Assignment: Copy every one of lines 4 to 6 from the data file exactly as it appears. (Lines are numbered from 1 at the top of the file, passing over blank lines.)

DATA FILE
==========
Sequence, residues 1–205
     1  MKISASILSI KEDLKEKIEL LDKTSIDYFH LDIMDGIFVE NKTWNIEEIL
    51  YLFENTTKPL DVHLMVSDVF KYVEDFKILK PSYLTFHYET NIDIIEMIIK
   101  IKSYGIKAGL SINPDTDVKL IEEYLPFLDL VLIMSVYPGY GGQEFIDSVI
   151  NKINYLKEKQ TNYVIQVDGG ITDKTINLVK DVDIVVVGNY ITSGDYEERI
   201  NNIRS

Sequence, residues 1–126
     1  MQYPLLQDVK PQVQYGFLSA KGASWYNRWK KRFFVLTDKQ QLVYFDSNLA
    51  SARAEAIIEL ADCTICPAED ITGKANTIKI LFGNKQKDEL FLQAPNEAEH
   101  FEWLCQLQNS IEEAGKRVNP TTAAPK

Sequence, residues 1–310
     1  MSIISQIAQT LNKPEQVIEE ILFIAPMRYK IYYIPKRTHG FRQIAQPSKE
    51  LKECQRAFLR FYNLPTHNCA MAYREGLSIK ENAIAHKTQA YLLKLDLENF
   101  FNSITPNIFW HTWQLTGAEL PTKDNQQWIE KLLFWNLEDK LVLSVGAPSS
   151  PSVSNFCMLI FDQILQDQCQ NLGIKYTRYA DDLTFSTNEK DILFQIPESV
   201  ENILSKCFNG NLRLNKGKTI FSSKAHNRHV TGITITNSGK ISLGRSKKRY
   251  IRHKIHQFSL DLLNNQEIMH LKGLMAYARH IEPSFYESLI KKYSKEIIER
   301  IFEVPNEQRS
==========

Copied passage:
   101  IKSYGIKAGL SINPDTDVKL IEEYLPFLDL VLIMSVYPGY GGQEFIDSVI
   151  NKINYLKEKQ TNYVIQVDGG ITDKTINLVK DVDIVVVGNY ITSGDYEERI
   201  NNIRS